In simple density analysis, when the mathematical function is applied to each cell, the number of incidents within a given radius are added together and then divided by the area of the radius; this value is then assigned to the cell (Harries, 1999; Mitchell, 1999; Eck et al., 2005; Gwinn et al., 2008; Boba, 2009). Therefore “a cell’s score does not represent the number of incidents in that cell but the number of incidents ‘near’ that cell divided by the area ‘around’ that cell, approximating the concentration of activity” (Boba, 2009, p. 271). In other words, the cell’s density' value is an estimate and is influenced by incidents found within the search radius placed on top of the grid cell (Boba, 2009).
Kernel Density Interpolation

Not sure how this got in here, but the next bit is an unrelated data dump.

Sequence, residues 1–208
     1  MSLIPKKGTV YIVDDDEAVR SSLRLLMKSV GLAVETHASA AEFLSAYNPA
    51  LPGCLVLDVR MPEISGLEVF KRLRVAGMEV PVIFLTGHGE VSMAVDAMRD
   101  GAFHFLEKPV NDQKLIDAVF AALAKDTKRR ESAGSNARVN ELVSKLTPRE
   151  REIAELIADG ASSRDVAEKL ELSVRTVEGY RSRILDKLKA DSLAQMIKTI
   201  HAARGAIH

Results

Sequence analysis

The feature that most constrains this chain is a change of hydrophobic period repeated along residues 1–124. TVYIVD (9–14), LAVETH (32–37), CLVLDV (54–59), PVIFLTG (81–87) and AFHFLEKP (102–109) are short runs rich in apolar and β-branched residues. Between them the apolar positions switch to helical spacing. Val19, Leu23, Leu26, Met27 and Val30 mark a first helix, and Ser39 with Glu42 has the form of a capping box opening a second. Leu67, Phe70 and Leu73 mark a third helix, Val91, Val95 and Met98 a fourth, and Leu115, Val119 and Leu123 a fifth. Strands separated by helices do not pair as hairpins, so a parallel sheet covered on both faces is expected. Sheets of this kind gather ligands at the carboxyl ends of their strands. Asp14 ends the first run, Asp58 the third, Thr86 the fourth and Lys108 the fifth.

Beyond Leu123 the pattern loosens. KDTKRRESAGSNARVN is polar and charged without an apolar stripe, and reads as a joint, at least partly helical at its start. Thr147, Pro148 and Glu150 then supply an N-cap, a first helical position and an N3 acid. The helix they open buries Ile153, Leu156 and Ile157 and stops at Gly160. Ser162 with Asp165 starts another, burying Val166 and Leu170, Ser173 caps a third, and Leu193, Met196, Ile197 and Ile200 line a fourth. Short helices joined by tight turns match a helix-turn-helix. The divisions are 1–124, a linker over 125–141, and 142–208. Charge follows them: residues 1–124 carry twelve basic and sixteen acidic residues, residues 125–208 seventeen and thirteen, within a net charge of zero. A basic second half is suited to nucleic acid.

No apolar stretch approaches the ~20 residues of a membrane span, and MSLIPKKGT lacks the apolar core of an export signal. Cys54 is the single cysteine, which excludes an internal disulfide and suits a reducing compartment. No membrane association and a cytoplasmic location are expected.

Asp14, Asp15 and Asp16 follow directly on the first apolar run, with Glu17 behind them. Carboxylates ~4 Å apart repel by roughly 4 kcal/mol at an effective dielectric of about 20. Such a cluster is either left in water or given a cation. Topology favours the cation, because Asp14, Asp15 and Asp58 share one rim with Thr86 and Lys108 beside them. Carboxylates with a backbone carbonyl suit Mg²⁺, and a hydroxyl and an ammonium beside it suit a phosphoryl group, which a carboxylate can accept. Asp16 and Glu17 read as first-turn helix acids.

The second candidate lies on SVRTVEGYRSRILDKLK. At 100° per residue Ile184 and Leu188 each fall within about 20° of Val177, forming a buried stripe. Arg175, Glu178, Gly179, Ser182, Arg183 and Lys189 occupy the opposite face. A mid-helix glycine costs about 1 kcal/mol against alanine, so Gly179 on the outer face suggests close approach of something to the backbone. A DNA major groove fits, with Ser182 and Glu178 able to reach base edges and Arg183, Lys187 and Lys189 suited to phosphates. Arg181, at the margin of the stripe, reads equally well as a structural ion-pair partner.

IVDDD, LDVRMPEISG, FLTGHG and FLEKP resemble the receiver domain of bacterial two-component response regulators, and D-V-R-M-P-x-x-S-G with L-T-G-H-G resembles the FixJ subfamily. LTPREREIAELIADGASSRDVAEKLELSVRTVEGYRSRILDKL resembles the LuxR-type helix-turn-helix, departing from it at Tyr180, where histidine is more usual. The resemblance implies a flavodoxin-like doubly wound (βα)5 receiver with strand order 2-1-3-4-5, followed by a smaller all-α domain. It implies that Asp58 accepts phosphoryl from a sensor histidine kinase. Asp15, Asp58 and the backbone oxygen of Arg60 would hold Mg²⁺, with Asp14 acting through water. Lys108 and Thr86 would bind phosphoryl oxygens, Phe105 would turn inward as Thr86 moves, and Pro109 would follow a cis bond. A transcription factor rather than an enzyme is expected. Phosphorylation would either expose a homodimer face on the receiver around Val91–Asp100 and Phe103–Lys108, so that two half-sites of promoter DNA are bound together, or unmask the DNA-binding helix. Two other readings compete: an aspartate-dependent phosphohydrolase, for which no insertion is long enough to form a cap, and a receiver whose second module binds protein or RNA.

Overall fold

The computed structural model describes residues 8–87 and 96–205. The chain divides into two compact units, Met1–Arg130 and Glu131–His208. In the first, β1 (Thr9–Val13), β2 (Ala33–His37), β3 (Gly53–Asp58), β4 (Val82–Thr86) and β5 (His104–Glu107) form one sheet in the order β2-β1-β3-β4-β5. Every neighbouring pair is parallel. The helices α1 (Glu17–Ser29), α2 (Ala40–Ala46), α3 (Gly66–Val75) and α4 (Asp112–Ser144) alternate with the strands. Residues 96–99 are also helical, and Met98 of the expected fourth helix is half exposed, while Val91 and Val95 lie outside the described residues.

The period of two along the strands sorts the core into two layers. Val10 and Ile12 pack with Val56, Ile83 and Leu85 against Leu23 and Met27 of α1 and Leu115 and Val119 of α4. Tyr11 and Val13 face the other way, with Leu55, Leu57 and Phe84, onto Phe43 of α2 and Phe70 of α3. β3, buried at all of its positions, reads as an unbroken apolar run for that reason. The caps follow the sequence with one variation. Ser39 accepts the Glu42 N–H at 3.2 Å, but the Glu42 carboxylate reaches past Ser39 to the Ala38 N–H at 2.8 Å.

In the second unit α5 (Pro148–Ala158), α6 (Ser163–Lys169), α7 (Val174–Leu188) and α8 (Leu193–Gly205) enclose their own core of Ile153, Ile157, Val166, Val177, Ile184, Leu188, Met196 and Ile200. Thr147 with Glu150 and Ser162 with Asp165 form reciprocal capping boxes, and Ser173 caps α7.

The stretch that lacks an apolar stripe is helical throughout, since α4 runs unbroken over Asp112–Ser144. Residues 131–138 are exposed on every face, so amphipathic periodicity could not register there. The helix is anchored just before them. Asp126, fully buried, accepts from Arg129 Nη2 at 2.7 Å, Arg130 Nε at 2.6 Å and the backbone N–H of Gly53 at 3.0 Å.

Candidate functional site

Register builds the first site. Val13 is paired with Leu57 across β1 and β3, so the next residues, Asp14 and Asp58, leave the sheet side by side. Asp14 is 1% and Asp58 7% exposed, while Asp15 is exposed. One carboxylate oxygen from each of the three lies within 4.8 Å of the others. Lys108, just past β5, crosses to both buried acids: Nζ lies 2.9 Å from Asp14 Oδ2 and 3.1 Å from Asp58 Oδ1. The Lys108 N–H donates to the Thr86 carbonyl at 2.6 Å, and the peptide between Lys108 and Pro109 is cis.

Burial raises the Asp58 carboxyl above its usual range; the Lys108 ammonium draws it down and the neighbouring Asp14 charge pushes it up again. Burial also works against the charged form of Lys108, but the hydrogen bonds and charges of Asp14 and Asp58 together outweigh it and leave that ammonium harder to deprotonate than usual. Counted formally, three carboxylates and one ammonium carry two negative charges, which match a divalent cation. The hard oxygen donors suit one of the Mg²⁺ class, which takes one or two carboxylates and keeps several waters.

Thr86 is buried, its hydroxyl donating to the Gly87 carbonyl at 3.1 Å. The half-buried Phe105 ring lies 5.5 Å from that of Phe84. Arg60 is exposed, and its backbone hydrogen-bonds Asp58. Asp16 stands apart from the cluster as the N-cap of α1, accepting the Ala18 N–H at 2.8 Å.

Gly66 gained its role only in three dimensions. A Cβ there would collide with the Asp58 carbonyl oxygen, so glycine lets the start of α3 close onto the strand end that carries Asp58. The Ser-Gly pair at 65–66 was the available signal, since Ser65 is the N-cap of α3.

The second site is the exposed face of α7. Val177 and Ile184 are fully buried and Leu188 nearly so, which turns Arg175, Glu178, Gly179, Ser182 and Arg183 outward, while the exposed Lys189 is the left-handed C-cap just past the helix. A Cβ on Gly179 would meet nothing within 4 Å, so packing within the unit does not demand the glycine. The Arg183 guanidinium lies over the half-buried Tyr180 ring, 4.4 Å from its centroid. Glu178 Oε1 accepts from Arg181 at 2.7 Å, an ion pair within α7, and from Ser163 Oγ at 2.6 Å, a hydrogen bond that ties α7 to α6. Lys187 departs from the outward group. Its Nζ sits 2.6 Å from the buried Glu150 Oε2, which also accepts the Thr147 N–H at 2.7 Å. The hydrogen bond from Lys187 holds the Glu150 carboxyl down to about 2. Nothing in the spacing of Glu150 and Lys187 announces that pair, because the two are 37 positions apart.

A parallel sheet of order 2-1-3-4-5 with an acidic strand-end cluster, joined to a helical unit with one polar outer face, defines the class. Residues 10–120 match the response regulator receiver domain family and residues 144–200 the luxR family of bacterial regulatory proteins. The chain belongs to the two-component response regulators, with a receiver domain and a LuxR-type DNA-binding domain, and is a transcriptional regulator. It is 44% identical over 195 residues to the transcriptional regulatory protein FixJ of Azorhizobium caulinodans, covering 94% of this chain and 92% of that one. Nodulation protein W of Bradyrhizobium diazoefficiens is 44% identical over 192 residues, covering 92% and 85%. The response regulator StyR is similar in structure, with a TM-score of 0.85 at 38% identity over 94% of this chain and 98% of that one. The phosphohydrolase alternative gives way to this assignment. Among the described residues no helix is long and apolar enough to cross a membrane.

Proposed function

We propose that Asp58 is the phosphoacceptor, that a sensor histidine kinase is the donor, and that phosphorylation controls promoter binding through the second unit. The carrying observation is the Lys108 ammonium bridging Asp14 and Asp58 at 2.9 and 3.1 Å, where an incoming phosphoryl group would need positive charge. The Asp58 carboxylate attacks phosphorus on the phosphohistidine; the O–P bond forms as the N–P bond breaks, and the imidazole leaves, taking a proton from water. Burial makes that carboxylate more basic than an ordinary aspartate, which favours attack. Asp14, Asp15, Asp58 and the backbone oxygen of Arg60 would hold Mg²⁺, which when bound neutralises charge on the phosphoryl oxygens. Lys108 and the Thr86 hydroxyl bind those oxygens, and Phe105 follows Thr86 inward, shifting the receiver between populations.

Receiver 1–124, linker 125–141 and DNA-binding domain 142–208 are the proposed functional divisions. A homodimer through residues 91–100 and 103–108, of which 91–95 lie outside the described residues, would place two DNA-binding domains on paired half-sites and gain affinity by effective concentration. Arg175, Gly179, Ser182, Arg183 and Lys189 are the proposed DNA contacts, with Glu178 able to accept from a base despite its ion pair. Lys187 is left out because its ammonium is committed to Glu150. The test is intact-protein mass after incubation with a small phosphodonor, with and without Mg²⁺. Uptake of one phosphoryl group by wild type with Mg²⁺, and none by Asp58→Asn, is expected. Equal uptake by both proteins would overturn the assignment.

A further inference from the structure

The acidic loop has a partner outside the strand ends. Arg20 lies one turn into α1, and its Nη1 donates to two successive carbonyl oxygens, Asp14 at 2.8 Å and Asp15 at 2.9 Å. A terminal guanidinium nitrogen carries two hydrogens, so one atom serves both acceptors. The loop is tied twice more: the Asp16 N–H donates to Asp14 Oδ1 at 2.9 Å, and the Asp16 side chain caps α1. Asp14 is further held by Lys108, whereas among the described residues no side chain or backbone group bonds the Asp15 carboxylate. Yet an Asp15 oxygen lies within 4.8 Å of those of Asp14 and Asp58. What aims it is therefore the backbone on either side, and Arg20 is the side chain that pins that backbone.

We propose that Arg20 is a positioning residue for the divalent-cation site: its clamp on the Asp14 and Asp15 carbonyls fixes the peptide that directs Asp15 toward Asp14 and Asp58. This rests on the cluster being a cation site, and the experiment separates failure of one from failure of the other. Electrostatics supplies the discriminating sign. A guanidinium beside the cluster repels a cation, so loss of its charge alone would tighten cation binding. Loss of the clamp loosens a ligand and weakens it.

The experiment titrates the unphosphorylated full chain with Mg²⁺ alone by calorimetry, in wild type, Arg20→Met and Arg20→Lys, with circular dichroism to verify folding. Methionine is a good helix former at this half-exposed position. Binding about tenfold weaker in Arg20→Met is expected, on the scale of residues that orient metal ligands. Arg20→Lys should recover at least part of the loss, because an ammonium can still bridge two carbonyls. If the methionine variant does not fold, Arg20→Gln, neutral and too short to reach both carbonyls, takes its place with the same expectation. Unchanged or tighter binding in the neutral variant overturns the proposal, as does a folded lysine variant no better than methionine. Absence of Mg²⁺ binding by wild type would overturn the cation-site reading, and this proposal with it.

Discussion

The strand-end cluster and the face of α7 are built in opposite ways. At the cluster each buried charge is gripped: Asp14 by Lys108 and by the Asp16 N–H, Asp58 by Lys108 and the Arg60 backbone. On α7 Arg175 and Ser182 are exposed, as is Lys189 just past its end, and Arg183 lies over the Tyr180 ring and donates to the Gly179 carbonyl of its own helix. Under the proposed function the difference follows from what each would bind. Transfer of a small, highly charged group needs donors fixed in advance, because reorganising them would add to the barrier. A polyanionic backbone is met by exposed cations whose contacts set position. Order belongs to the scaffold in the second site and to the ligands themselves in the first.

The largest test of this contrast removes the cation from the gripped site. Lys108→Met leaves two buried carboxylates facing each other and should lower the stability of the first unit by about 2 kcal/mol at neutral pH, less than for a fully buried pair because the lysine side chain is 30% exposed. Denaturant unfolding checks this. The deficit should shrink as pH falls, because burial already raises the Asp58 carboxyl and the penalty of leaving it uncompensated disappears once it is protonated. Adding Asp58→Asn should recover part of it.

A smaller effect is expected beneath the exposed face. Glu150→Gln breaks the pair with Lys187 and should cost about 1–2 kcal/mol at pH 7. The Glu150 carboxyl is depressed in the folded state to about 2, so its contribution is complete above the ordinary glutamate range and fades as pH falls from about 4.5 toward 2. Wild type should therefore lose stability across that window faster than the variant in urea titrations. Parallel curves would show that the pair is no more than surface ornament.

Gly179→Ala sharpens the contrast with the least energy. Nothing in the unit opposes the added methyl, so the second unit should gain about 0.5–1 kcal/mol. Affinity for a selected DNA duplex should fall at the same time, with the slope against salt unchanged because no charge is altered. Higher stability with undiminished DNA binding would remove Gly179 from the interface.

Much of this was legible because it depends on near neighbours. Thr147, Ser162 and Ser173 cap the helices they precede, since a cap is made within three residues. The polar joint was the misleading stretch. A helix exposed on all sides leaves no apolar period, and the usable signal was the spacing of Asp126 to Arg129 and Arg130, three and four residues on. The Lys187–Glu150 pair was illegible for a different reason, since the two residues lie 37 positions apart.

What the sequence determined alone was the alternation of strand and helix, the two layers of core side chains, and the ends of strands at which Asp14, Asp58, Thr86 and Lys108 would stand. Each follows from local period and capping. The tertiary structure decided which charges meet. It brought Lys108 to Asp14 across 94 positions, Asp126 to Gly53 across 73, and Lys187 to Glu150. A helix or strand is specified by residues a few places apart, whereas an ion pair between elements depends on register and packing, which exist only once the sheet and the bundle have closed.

Another approach to density analysis is kernel density' interpolation or smoothing techniques. Instead of simply' adding up all the points within a radius as with simple density analysis, a bell-shaped function or kernel is applied over every' cell (Gorr and Kurland, 2012). In other words, greater weight is given to incidents closer to the center of the radius (Eck et al., 2005; Gwinn et al., 2008; Paynich and Hill, 2010). Dual kernel density interpolation is similar but involves producing “a risk value associated with crime density” (Paynich and Hill, 2010, p. 378) and allows for comparative density' analysis. That is, comparisons can be made between two different crime types or crimes at two different time periods (Paynich and Hill, 2010). It is apparent that density analysis does not depict physical boundaries and is consequently a “much more realistic image of the shape of the hot spot distribution” (Paynich and Hill, 2010, p. 378). It also has an advantage over point maps because overlapping points or stacked points are added together and represented with a single color (Harries, 1999). However, analysts must still consider three parameters when constructing density maps. First, the analyst must determine a threshold for what defines a hot spot. Values are assigned to the output raster cells, and it is at the discretion of the analyst to determine the numerical value at which a location is considered a hot spot. This means that those areas of greater density above this threshold are then considered hot spots (Gorr and Kurland, 2012). Second, changes to either the search radius or grid cell size can yield different maps (Harries, 1999; Boba, 2009). A smaller search radius will reveal greater local variation or more specificity (Eck et al., 2005), while a larger selection will show long rolling hills for the surface (Gorr and Kurland, 2012). Likewise, the choice of cell size or spatial resolution (Gwinn et al., 2008) will affect the smoothness of the surface, with smaller cell sizes showing finer resolution.